Banking is undergoing its most disruptive era ever, with every aspect of its traditional business model under attack from outside forces. This is bad news for frontline staff.
Up to 30pc of employee numbers at traditional banks could go over the next decade, with growing automation rendering huge swathes of staff roles outdated.
That’s according to Citi’s report into digital disruption in the banking world, with it claiming a fintech-driven automation ‘tipping point’ is coming in the immediate future.
Saying branches are soon to become about “advisory and consultation” rather than transaction, the loading of fintech investment towards the end-user experience means plenty of lower-end positions are on the ropes.
“We believe that there could be another 30pc reduction in staff during 2015-2025, shifting from the recent 2pc per year decline to 3pc per year, mainly from retail banking automation,” the report reads.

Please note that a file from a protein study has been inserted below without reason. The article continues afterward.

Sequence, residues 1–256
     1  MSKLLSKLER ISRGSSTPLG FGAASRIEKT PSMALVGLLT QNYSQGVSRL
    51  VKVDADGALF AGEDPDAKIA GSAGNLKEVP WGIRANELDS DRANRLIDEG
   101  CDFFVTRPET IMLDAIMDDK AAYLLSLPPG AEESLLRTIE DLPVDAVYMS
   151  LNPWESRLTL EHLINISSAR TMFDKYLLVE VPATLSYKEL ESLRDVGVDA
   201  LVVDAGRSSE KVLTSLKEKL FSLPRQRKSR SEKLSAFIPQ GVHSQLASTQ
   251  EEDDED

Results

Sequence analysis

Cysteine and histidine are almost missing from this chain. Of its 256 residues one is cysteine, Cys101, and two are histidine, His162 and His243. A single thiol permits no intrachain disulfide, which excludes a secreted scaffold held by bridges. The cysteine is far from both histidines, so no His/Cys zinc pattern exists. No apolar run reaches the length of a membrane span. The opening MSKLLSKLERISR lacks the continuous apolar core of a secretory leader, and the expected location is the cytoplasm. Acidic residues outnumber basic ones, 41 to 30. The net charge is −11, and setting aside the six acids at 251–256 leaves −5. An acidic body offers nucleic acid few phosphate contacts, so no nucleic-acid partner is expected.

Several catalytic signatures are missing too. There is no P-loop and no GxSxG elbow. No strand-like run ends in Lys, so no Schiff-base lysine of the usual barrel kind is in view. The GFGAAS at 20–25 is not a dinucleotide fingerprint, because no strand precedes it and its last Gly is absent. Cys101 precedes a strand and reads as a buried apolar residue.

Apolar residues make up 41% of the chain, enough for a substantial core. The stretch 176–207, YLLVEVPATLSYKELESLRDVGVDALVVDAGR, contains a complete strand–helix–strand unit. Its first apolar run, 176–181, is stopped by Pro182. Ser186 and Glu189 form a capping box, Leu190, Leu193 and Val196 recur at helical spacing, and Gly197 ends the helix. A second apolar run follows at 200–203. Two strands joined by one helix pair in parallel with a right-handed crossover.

Fintech feeding an Uber moment
It’s worse news for countries like Greece and Ireland, where the financial crises were felt most, with the decline topping out at 5pc per year according to Citi’s estimates.
Fintech investment by financial institutions has risen from $1.8bn at the start of the decade to $19bn now, with 70pc of it focused on the customer experience. Given that this experience used to be ‘in-store’, you can see where the warning signs are.
Calling the impending tipping point “banking’s Uber moment”, Citi claims it will specifically see a huge shift towards mobile banking, with it becoming customers’ primary mode of interaction with their banks.
“Branches will be only one of the distribution channels. They will still play an important, albeit diminishing, role,” reads the report.
Last December, the European research institute BearingPoint found that the vast majority (90pc) of banks’ new digitalisation prioritisation was needed, however, at that point just 17pc felt up to the task.
Citi’s findings show that that low base is poised to skyrocket.
ATM machines image via John Abbate/Shutterstock